On paper, Conan Doyle was a licenced medical doctor, but in practice? Not so much. Doyle opened an opthamology clinic with his friend, but after months went by without a single patient, the men began to bicker. Eventually, after many fights, they closed their business and went their separate ways. Without a steady job, it was only a matter of time before Doyle hit rock bottom.

Arthur Conan Doyle and unidentified man, Ottawa, Ontario July 2, 1914Unknown, Toronto Public Library

8. He Lost a Patient

In 1885, Doyle tended to a young boy with cerebral meningitis. He spent many long, stressful nights with his patient's family—but his efforts were for naught and sadly, the boy died. Doyle was so distraught (and, by this point, so close with the grieving family) that he hosted the funeral in his own home. To make matters even more complicated, Doyle was also falling in love with Louisa Hawkins, the sister of the patient he'd just failed to save. Awkward...

Mrs Conan Doyle and Daughter drawingThe Strand Magazine, Wikimedia Commons

9. His Bride Was Ill

Doyle and Louisa tied the knot in 1885—but just a couple years later, everything fell apart. Louisa became ill with tuberculosis. For the rest of her life, she was plagued by the disease. It made her cough to the point of exhaustion and she would spend most of her time in bed. While Doyle and Louisa loved each other and had two children, in time, her tuberculosis would tear them apart.

Arthur Conan Doyle portrait in color in black suitSidney Paget, Wikimedia Commons


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10. His Wife Came Up With Sherlock Holmes

When it comes to the name Sherlock Holmes, we have Louisa to thank. Doyle originally planned to call his fictional detective Sherrinford Hope after the whaling ship Hope, where Conan Doyle spent his time as a medical student. His wife told him that was a terrible idea, leading Doyle to change the name to Sherlock Holmes. "Holmes" was a tribute to an American doctor, while "Sherlock" honored a famous cricket player.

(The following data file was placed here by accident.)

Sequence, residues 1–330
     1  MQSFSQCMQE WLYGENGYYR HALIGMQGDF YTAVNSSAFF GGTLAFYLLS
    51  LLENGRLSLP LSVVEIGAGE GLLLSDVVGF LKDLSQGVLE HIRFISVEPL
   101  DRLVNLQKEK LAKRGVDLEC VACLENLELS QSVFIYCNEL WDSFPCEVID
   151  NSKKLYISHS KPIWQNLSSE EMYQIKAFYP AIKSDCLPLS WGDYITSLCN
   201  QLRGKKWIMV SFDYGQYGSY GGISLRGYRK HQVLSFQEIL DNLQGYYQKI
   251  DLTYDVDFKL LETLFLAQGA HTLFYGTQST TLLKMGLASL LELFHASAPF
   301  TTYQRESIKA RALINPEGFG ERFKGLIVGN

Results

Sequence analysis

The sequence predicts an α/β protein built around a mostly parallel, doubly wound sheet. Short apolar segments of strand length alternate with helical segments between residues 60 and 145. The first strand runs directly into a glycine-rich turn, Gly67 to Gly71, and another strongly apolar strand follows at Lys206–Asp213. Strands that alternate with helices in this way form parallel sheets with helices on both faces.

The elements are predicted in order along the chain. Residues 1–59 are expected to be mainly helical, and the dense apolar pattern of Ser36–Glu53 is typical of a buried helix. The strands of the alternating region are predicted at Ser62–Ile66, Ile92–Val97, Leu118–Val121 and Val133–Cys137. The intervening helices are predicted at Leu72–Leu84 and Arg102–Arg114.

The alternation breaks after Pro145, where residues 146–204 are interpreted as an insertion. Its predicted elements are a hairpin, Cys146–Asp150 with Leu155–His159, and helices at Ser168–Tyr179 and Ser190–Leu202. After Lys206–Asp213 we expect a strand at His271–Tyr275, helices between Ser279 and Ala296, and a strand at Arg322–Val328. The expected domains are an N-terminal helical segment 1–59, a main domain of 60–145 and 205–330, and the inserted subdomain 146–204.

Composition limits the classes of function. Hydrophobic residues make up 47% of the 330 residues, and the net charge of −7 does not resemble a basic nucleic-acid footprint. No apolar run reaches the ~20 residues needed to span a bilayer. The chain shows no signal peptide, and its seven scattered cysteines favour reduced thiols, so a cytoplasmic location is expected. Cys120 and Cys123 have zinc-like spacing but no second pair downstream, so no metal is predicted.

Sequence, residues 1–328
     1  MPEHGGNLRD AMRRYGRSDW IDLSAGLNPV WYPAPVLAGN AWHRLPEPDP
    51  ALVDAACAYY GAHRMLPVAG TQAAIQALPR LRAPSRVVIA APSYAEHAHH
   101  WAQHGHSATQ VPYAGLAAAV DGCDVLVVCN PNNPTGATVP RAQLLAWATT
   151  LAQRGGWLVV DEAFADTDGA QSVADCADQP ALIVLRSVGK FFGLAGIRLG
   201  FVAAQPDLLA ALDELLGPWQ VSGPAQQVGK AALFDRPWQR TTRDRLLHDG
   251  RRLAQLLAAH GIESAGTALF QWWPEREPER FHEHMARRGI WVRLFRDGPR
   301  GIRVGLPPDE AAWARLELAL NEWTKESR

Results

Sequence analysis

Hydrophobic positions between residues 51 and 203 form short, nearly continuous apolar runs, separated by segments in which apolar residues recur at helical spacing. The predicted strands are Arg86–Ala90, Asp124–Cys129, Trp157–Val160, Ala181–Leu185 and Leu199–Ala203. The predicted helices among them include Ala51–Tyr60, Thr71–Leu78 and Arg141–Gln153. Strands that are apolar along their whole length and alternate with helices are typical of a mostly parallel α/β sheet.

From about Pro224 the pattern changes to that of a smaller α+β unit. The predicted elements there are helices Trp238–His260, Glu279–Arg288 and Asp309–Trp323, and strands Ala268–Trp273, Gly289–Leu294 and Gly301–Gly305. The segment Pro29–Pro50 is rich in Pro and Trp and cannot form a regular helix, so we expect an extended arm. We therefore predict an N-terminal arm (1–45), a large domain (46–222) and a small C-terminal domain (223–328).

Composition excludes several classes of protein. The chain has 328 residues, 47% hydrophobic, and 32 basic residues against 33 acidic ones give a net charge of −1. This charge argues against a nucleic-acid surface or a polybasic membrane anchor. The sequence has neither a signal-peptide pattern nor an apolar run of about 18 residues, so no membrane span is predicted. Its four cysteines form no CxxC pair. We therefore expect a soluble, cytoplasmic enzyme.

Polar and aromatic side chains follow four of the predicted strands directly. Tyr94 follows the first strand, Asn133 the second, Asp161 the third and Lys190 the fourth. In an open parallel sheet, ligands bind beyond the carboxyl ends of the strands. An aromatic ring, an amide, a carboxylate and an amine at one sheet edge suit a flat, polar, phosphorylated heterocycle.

Robert Downey Jr in  Sherlock Holmes sitting on a chair in white shirtWarner Bros., Sherlock Holmes (2009),


11. His Novel Vanished

It's safe to say that Doyle didn't have the easiest time in the publishing scene. When he was 23, he wrote his first book and sent it off to a publisher. Unfortunately, from that point on, everything that could go wrong did go wrong. Doyle's precious manuscript got lost in the mail (really!) and never arrived at the publishing house. Distraught, Doyle tried to rewrite the book, but only got 150 pages in before giving up. When it came time for the first Sherlock Holmes novel, things managed to get even worse.

Sir Arthur Conan Doyle sitting at a desk writingMortimer Menpes , Wikimedia Commons

12. His Debut Sunk

Conan Doyle’s first Sherlock Holmes novel A Study in Scarlet was not a runaway hit, or a hit at all for that matter.  Multiple publishers rejected the manuscript, until Doyle finally got it published in Beeton’s Christmas Annual...where the book's sales stunk. When Sherlock failed to capture readers, Doyle began to indulge his strangest and most notorious hobby.

Sir Arthur Conan Doyle sitting at a bench writingFox Photos, Getty Images

13. He Turned to the Spirit Realm

In 1887, Doyle was a struggling writer with a terribly ill wife. During these dark days, he looked for answers from beyond—and his quest led him to some questionable places. Doyle went to multiple seances, booked appointments with psychics and mediums, and made his own investigations into telepathy. By 1889, he helped found a local organization devoted to "psychical research" and not content with just that, joined an existing London psychic society too. Think that's weird? When it comes to Doyle's wacky hobbies, we're just getting started.